And then, of course, the mission of the show – which was to get people to think differently about others, to look at people who may seem frightening or unfamiliar or somehow exotic and foreign, and to recognize the connections that you actually have with them. That has always been the mission. But of course, it’s a kind of stroke of good luck, to be honest, that the show is premiering at a time in which we have such divisions in this country, in which we have an administration that is operating almost exclusively on a fear-based policy system. So, hopefully, this show will go some way towards alleviating some of the fear and xenophobia that has gripped large swathes of the American public.
What was the most stunning, surprising, unexpected moment you had while filming this series? What was the most powerful?
Oh there’s so much! The episode on Santa Muerte – which is a new Mexican folk religion with many adherents, maybe anywhere between 5 and 8 million adherents, by some estimates – was a real eye-opening experience for me. Going through the mass during the Dia de Los Muertos, and being there with all these people who are outcasts, who are on the margins of society, people who feel as though the church has left them behind. Having them all come together and unite in this new kind of mass, watching a new religion form before my very eyes, was an extraordinary experience for me, both intellectually and spiritually.
I also went to Haiti for an episode on Vodou, which is of course an extremely misunderstood religion, and I had an opportunity to go to the sacred waterfall, it’s called Saut d’Eau. To immerse myself in these sacred waters as a kind of cleansing. That was a profound spiritual experience for me. There were a lot of experiences like that throughout. The emotions that you see me go through in an episode, those are real emotions. I’m not a good enough actor to pretend those feelings.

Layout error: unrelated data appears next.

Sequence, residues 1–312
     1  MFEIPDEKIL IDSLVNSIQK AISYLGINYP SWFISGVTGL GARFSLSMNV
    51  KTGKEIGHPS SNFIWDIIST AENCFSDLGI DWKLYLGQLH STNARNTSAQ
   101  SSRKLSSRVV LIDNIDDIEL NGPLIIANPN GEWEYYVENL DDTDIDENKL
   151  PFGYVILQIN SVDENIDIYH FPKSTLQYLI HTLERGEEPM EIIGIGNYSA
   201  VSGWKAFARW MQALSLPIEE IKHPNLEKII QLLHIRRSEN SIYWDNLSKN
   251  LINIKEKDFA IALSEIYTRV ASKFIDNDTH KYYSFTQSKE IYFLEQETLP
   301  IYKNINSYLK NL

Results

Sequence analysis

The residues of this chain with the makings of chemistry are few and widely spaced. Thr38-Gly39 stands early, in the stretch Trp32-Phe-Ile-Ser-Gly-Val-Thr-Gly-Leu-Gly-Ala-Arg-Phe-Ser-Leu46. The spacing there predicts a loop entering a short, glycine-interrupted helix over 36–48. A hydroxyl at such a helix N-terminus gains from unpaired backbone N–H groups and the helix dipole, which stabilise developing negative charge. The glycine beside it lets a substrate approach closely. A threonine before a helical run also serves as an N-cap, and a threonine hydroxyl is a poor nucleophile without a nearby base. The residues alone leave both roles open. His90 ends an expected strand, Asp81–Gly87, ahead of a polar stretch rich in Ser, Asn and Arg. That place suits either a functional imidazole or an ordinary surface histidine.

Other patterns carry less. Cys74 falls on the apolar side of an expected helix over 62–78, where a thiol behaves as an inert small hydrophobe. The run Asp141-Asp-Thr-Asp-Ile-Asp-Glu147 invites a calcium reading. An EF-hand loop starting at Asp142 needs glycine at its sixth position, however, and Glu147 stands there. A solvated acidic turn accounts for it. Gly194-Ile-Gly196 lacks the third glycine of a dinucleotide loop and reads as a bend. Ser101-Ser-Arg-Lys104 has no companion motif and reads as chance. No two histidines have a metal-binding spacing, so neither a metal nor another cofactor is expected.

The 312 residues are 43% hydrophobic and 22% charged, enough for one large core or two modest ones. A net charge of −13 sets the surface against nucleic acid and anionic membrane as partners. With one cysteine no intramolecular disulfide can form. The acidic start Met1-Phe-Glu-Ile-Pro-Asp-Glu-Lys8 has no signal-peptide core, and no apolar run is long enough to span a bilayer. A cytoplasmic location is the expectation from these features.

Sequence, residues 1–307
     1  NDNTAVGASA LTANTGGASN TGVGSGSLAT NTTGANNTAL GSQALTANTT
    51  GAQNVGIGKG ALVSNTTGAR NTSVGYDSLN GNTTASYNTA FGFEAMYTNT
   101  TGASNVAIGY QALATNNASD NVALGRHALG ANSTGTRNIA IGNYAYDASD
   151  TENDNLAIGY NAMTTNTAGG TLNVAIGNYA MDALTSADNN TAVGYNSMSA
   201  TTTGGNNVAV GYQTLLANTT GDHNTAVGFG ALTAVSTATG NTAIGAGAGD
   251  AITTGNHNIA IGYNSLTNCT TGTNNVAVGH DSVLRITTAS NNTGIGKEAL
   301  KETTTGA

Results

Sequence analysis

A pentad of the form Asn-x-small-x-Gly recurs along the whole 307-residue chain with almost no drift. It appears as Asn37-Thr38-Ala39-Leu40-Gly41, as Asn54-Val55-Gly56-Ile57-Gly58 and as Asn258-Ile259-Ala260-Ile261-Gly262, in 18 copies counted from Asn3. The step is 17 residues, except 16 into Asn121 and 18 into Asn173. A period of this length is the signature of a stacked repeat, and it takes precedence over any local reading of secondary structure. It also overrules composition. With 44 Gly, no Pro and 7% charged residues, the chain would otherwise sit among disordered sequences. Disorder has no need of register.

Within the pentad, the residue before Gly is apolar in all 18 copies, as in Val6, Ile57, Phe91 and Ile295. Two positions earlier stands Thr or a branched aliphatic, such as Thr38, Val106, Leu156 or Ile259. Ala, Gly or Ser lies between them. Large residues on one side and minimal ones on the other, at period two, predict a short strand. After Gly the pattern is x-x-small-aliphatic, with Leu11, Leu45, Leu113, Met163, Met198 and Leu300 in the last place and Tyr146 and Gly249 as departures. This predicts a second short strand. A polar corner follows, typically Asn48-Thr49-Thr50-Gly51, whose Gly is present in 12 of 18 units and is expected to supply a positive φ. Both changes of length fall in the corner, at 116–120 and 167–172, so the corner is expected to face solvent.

How did you gain access to some of these typically insular or secretive communities?
It wasn’t easy. Because you’re right, a lot of these communities are insular, a lot of them are secretive, many of them do not trust outsiders, and especially outsiders with a camera crew. But at the same time, I have earned some measure of a reputation as somebody who is honest and fair about values and beliefs, somebody who is not interested in judging or mocking peoples’ belief systems. And I think that it did not take long for me to convince these groups that I was there to experience their faith, that I wasn’t there to criticize or judge. Once they understood that, they really opened up to me.
The thing about people who hold certain beliefs, particularly religious beliefs, is that they are not embarrassed of those beliefs. They want the world to know what they believe, they want to spread those ideas. They just want to make sure that they’re not being made fun of. Once they understood that that wasn’t going to happen, then they were absolutely open to having me join them, join their community, become part of them.
As someone coming from a Muslim background and/or faith tradition, do you plan on delving into Islam in this series?
Regardless of what religion we focus on, we’re never going to be interested in mainstream religion. What we are going to be interested in is religions that are somewhat on the fringes. We’re never going to just cover Catholics in Rome. We would cover a Catholic sect in Iceland, and have a conversation about Catholicism in general.
Same thing with Islam. We would very likely cover some little known sect, but in doing so speak more broadly about Islam and the ideas and misperceptions. The Aghora are a perfect example of that – this is a sect of Hinduism, it’s not Hinduism. So we do get to talk a little bit about Hinduism itself as a religion, but our focus is more about the maligned and misunderstood groups within Hinduism. And I think that’s what makes this show interesting, because it plays with your perceptions. It teaches you something, it’s entertaining, but it also reframes the way that you think about groups you may have, even unconsciously, demonized.
What do you think people most often get wrong about faiths other than their own?
I think what people most often get wrong about other peoples’ faiths is that there is something sort of fundamentally different about their faith than yours, that their experience of their religion is fundamentally different than your experience of your religion. You get this a lot – that you’re more than welcome to understand the varieties of religious experience in your own faith, but give very little credence to the same variety in other peoples’ faiths. No Christian would think that two billion Christians in the world believe the same thing or experience their scripture in the same way, but those same Christians would very likely think something like that about Muslims.